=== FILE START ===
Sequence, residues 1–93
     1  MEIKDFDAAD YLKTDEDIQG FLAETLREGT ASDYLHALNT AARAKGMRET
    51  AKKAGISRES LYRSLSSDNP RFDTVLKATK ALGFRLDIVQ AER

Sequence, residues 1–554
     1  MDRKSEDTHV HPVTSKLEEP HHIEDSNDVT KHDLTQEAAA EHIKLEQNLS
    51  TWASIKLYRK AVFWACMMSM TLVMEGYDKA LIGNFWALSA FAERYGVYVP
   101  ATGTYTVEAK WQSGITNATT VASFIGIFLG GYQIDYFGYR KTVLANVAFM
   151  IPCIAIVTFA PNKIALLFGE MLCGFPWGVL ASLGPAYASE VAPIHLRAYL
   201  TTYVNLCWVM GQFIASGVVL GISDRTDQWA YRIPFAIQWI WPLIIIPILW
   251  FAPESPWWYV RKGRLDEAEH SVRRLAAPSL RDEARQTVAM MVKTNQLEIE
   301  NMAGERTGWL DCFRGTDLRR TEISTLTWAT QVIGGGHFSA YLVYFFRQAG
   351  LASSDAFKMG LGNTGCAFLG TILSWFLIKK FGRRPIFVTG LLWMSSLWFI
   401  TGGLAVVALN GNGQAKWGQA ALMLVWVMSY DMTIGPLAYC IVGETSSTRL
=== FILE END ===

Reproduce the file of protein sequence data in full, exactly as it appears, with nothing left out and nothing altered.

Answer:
Sequence, residues 1–93
     1  MEIKDFDAAD YLKTDEDIQG FLAETLREGT ASDYLHALNT AARAKGMRET
    51  AKKAGISRES LYRSLSSDNP RFDTVLKATK ALGFRLDIVQ AER

Sequence, residues 1–554
     1  MDRKSEDTHV HPVTSKLEEP HHIEDSNDVT KHDLTQEAAA EHIKLEQNLS
    51  TWASIKLYRK AVFWACMMSM TLVMEGYDKA LIGNFWALSA FAERYGVYVP
   101  ATGTYTVEAK WQSGITNATT VASFIGIFLG GYQIDYFGYR KTVLANVAFM
   151  IPCIAIVTFA PNKIALLFGE MLCGFPWGVL ASLGPAYASE VAPIHLRAYL
   201  TTYVNLCWVM GQFIASGVVL GISDRTDQWA YRIPFAIQWI WPLIIIPILW
   251  FAPESPWWYV RKGRLDEAEH SVRRLAAPSL RDEARQTVAM MVKTNQLEIE
   301  NMAGERTGWL DCFRGTDLRR TEISTLTWAT QVIGGGHFSA YLVYFFRQAG
   351  LASSDAFKMG LGNTGCAFLG TILSWFLIKK FGRRPIFVTG LLWMSSLWFI
   401  TGGLAVVALN GNGQAKWGQA ALMLVWVMSY DMTIGPLAYC IVGETSSTRL